Weekly Report 4/10/17 to 4/16/17
Rather than writing about my whole week in general or write about some thought that stuck with me throughout the week, I will touch on a lesson I learned from Ms. Vernon.
Details, the minutiae, it is what most people focus on when creating art. Most will draw the head completely before moving on with the body. They will dedicate themselves to one specific object instead of the whole image; this is why creating large painting is difficult for many. I am no different.
Although I like to think my drawings are not focused on the details as much, my paintings definitely are. I guess it is a sort of comfort zone that I want to work on; almost as if I am too afraid to tackle the whole image. Maybe it is because I become infatuated with an object. Mr. Vernon saw, in our class, a tendency to focus on these objects, or “things”, and she decided to put it to a stop. The best paintings are composed of “shapes” (organic and geometric), not “things”. By focusing on the shapes in an image, scenery, or whatever one is looking at, one is able to see the image as a whole. It becomes virtually impossible for someone to become lost in one object because it is not an object; it is a shape.
I found this somewhat annoying. I did not want to make a basic image; I wanted to paint what I saw. Ms. Vernon patiently explained that by creating this basic image with simple shapes, the artist not only gains an idea of the whole image, but also is given the foundations to build a realistic image off this basic outline created by the shapes. Once the artists creates the basic shapes that themselves compose the image, they can give detail to these shapes. Maybe the darker one should be darker in one area and lighter in another. Maybe this lighter rectangle has another rectangle inside it. Maybe this yellow-brown rectangle’s left edge should be tilted differently; in a more realistic way that fits into the perspective. That is the idea.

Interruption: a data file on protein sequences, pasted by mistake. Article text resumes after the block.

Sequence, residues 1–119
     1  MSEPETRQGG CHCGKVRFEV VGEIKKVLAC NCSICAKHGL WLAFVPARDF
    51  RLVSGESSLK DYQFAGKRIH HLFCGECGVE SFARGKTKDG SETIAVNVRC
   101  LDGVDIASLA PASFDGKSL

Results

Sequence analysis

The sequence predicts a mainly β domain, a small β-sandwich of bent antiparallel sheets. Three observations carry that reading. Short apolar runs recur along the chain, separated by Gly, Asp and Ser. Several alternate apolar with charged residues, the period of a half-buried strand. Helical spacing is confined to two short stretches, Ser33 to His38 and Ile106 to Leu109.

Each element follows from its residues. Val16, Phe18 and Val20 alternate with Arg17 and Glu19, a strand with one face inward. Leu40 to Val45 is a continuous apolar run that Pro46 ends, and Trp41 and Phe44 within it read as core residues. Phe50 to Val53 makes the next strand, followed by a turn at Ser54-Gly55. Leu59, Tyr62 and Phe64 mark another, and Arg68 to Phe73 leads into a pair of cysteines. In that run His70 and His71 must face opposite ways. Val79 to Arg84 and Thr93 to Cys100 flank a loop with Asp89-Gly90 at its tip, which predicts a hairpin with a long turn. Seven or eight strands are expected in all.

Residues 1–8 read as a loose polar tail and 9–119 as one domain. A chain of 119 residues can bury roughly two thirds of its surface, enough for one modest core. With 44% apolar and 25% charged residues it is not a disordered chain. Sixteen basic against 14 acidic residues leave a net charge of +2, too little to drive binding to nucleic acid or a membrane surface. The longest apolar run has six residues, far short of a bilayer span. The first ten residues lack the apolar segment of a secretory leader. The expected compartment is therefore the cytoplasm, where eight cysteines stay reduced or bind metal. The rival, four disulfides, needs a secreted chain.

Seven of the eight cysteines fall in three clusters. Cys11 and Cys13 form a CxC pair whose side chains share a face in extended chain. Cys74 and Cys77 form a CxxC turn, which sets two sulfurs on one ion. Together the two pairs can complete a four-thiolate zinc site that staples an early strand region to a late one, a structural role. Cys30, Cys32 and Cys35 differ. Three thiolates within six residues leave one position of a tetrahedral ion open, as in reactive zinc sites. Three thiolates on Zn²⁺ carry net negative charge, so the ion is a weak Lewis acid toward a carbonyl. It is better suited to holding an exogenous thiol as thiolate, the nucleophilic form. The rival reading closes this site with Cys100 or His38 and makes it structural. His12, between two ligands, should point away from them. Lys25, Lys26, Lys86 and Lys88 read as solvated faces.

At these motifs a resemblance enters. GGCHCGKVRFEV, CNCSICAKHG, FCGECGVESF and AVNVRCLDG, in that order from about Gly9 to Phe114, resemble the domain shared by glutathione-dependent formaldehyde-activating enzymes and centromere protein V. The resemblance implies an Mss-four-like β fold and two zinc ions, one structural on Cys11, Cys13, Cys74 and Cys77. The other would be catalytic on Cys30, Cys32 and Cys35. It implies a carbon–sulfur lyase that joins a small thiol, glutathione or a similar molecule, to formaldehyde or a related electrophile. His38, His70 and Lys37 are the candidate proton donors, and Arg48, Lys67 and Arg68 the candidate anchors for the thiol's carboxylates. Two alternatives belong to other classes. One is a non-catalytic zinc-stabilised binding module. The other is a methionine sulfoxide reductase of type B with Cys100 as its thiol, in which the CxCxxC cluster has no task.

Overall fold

After spending a few hours painting “shapes”. I began to enjoy its merits. Ms. Vernon said it makes dealing with painting’s problems much easier, and I could not agree more. I will attempt to do this from now on. Although it initially seemed time consuming, I believe if I work at it, the process will become quicker and easier.
I understand that writing about this lesson does not necessarily explain what events unfolded throughout the week, but I still believe writing about it has its value. A painting is not a compilation of many detailed “things”; painting is a, single, detailed image made up of simple shapes. Learning this opens my world and it allows me to improve, which, as it should with anyone, motivates me to paint more. If I want to become a painter, I should develop my own style. The only way to do it is by exploring different techniques that I can use to develop my own unique style.